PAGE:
"The Spirited Afterlife of Detroit’s Little Red Demon" Discussion Thread

Welcome to the discussion thread for the story, The Spirited Afterlife of Detroit’s Little Red Demon. You can share your comments and thoughts about the story in the conversation below.:tumbler_glass::ghost::jack_o_lantern:

Tiya Miles in this comment demonstrates how little she knows about French Catholics and the Legends of Marie Caroline Watson Hamlin:
Tiya’s comment:

Hamlin writes that the tales in her volume had been in her family for generations, and that she’d bolstered them with her own research. It’s also possible that the lore was somewhat syncretic, borrowing strands from the various cultures that co-existed—somewhat uneasily—in Detroit at the time. In the 18th- and 19th-century Midwest, French and indigenous cultures intermingled. In some trading towns, bicultural marriages and households were common, says Tiya Miles, a historian at Harvard University whose research includes Native-American and African-American history in 18th-century Detroit.
“While French Catholics would have been suspicious of beliefs that seemed anti-Christian, they may have picked up bits and pieces about indigenous culture heroes that stuck with them and influenced how they recalled and interpreted folktales from their homeland,” Miles says. “And it is even possible that the French imagining or retooling of Nain Rouge in and around the walled settlement of Detroit, where the French viewed some Native people as allies but others as enemies, was partly a projection of French settlers’ racialized anxieties about a lurking indigenous threat.”

The LEGEND of the Nain Rouge dates to Old France and there is no factual evidence that he ever visited Cadillac or Fort Pontchartrain; nor are the other LEGENDS associated with real people in Old Detroit factual. In fact, if you want to avoid any further disasters for the city, you should be welcoming the red dwarf, not chasing him away.

When the red dwarf appears near Fort Pontchartrain in what Marie Caroline Watson Hamlin identifies as March 10 of 1707 [Chapter V, Page 37]:

“It is the Nain Rouge,” whispered Cadillac’s wife.

Before she had time to say more, Cadillac’s ill nature had vented itself in striking the object with a cane he held in his hand, saying : “Get out of my way, you red imp !”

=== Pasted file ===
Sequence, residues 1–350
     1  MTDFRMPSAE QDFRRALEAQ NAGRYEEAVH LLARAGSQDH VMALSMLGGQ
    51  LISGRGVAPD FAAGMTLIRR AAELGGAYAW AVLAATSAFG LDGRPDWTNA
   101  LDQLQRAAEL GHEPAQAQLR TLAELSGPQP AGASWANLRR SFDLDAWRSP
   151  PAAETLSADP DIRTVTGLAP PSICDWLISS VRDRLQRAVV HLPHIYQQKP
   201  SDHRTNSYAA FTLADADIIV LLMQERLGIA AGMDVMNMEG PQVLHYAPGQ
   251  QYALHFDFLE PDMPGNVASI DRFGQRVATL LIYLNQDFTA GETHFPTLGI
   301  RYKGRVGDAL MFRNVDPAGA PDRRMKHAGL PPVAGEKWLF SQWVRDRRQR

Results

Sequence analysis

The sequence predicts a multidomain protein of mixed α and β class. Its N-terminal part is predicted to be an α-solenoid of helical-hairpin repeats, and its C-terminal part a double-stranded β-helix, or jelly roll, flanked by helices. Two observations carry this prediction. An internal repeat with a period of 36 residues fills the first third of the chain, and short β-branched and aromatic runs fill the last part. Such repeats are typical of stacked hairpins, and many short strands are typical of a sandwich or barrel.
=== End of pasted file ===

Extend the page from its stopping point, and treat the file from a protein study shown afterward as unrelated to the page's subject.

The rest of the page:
A fiendish, mocking laugh pierced the still night air as the monster vanished.

"You have offended him,’’ said Madame. “Your impetuosity will bring you and yours to ruin. [Page 38] You were told to coax him—-to beware of annoying: this demon—and in your ungovernable temper you do just otherwise. Misfortune will soon be our portion.”

Cadillac shortly afterward visited Montreal, was arrested through the intrigues of his enemies, and was compelled to sell his seigniory in Detroit to pay for his trial.

There’s more cited as the consequence of Cadillac’s disrespect for the Nain Rouge, but even the last details listed cannot be supported historically. I’ll deal with only two here. It was in 1704 that Cadillac was called to Montreal to be arrested for his alleged “malversations,” illegal trade practices, and to undergo trial for them. Expediency ultimately dropped the charges against him after Pontchartrain in France appointed him to be “Complete Master” at the fort, an appointment sent in 1704 that did not arrive until 1705 because the ship carrying it, La Paix, was high jacked by the English during the war that began between England and France in 1702, one that did not end until 1713. Cadillac did not assume his new command at the fort until August of 1706. Placing the arrival of Le Nain Rouge in 1707 does not come before the investigation of 1704-05.

In addition, the “selling” of Cadillac’s so-called seigneurie (he did not have seigneurial rights) did not occur until 1722, well-after Cadillac had returned to France from his ill-fated experience in Louisiane and he began his incessant begging letters to have his physical property returned to him.

From Chapter IV, page 27, the original “curse” by the old woman in Québec City before the convoy left to found a fort, predicting the baneful effect of Le Nain Rouge, bold text added by me:

“Shall my children inherit my possessions?” asked Cadillac, unconsciously giving utterance to the secret desire of his heart.

“Your future and theirs lie in your own hands, beware of undue ambition; it will mar all your plans. Appease the Nain Rouge* (Red Dwarf). Beware of offending him. Should you be thus unfortunate not a vestige of your inheritance will be given to your heirs. Your name will be scarcely known in the city you founded.”

The Nain Rouge is a total myth, made up for the Detroit area by Carolyn Watson Hamlin in her “Legends of Le Detroit,” although it has a deep history in France. I’m fairly sure that, if a new edition of “Legends” had not been republished in the 1970s locally, no one would now believe the Nain Rouge has anything to do specifically with Detroit. All of her Legends do not apply to any one known person; they are pure fantasy. To see what I mean read my article.

Legends and Reality: some Truths not Told in Hamlin’s Tale “Francois and Barbe”

Michigan’s Habitant Heritage (MHH), Vol. 37, #2, April 2016, or see the FILES at the French-Canadian Heritage Society of Michigan Facebook.
Suzanne Boivin Sommerville